Black Jaw Literary Series (2018)
ON FEEDING MY SOLE OBSESSION (2015)
Whether it is two inches or five, every woman has a right to a kick ass pair of heels. Most people question it—you’re elongating the leg and pinching toes, but for what? Do all women have such a unique relationship with their shoes, and why?
THE GIRL WITH THE TINY UNICORN (2015)
I imagine her eyes sliding to her left, making eye contact with her husband or husband’s family. They are first watching her, then scrutinizing her rendering from behind the artist. She holds this animal in her hands as a physical reminder that she is a pure and graceful creature. She gently—almost imperceptibly—rubs its hind leg, trying to keep it still for this momentous occasion. The large, blood-red jewel hanging from her neck is heavy and her back is stiff from sitting in the same position, but it is all for a wedding—her wedding.
JACKSON POLLOCK: INSTINCT VS. REASON (2015)
It’s a complete mess. Loops of color tangled together and running rampant energize nearly every inch of the composition. Far from the reaches of common sense or common experience, we cannot be sure what exactly we are looking at, or how we should feel. However when facing down Jackson Pollock’s seventeen foot monster One: Number 31 (1950), there is an unshakable feeling that this grand piece was no accident. The lyricism behind his movements—a web of flicks, dribbles, drips—is a lot like life, a mix of uncontrollable and controllable factors. Maybe it’s not such a mess, as much as it simply elicits the response: What the f$&k?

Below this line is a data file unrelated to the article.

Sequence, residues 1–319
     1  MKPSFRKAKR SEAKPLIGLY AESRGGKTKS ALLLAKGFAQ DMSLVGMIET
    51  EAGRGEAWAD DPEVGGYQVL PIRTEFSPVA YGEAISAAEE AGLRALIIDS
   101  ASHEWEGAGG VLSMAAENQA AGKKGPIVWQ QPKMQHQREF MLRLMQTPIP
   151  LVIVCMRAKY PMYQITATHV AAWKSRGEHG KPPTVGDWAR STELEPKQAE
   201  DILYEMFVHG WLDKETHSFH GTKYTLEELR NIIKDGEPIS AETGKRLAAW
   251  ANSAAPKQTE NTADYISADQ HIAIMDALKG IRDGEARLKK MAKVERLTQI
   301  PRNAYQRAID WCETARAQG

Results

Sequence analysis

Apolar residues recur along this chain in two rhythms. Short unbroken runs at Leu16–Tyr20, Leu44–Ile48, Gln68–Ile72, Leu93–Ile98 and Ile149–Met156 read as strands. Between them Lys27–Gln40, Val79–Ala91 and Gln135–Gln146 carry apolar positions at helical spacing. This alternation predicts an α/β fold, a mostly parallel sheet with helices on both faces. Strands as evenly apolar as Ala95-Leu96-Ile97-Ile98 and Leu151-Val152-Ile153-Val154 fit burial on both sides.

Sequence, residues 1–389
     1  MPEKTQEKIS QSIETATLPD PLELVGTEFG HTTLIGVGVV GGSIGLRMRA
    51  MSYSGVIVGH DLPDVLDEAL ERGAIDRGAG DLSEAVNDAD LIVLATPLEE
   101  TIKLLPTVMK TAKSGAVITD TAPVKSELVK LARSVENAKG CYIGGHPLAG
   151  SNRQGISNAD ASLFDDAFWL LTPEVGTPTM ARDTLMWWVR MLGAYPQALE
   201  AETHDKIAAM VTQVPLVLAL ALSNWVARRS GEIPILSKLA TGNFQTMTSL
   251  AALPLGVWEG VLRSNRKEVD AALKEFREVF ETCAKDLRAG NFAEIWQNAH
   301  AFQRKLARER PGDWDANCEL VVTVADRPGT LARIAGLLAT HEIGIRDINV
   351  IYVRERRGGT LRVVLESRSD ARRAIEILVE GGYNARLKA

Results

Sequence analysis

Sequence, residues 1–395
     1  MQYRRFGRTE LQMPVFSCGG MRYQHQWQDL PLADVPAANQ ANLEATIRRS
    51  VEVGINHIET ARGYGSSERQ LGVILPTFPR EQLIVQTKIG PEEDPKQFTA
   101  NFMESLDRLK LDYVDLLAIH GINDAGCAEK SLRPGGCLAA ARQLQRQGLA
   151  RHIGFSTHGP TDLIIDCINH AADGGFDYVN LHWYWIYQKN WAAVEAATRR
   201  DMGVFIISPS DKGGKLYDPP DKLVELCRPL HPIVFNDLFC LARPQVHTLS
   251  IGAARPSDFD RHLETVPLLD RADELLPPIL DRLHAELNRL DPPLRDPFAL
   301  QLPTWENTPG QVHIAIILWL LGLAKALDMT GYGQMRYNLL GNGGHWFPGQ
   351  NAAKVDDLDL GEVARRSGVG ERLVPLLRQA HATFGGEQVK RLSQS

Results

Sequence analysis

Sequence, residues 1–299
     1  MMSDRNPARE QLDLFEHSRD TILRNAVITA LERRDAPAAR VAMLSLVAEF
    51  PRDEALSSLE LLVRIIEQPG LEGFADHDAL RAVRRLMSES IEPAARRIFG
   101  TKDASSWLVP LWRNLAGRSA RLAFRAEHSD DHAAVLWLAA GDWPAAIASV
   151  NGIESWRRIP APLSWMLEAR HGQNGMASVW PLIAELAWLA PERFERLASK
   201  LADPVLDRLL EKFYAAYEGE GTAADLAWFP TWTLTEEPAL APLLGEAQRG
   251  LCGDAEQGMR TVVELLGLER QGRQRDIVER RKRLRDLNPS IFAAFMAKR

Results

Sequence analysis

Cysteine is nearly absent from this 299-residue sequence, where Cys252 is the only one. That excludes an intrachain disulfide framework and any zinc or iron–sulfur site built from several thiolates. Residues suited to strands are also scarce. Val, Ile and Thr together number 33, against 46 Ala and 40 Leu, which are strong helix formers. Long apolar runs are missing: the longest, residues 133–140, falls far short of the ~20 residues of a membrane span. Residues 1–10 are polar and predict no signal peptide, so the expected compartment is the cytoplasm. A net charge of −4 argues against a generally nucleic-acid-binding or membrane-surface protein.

LOOKING BEYOND THE PORTRAIT (2015)
Set sometime in the late 19th century, a woman in a colorful kimono gazes contemplatively out into the hazy distance. She stands with hips jutted out and hair pulled back into a loose bun, and I wonder, who is she? Why is she alone? Like most of the painted bijin-ga—a term that generalizes beautiful women—of the Miji period, we will likely never know much more about her or other East Asian women beyond their painted depictions.
ART, GARDEN, LIFE: RE-IMAGINING FRIDA KAHLO (2015)
Most people who are confronted by seemingly insurmountable pain and catastrophe succumb to the depression, much less are able to channel their despair in a creative way. Frida Kahlo, one of the most influential and important artistic personalities of the 20th century, only began painting after she was confined to a bed for three months following a near-fatal bus crash.
GREAT MINDS THINK ALIKE (2015)
This sentiment couldn’t be truer for Sydney’s International Art Series. With the likes of El Greco, Leonardo, Raphael, Monet (and many more!) being featured in The Greats: masterpieces from the National Galleries of Scotland, we can’t even imagine the kind of strings that the Art Gallery of New South Wales had to pull to get the National Galleries of Scotland to share their treasures.
THE DARKER SIDE OF MARK ROTHKO (2015)
More than 50 years after Russian-born Mark Rothko was commissioned to create mural canvases for the nondenominational Rothko Chapel, the Museum of Fine Arts in Houston is set to display the largest exhibition of his works since the late 90’s. Not too long before the chapel opened its doors, its artist took his life in a heartbreaking tradition seen by many artists like himself; self-annalistic and continually misunderstood.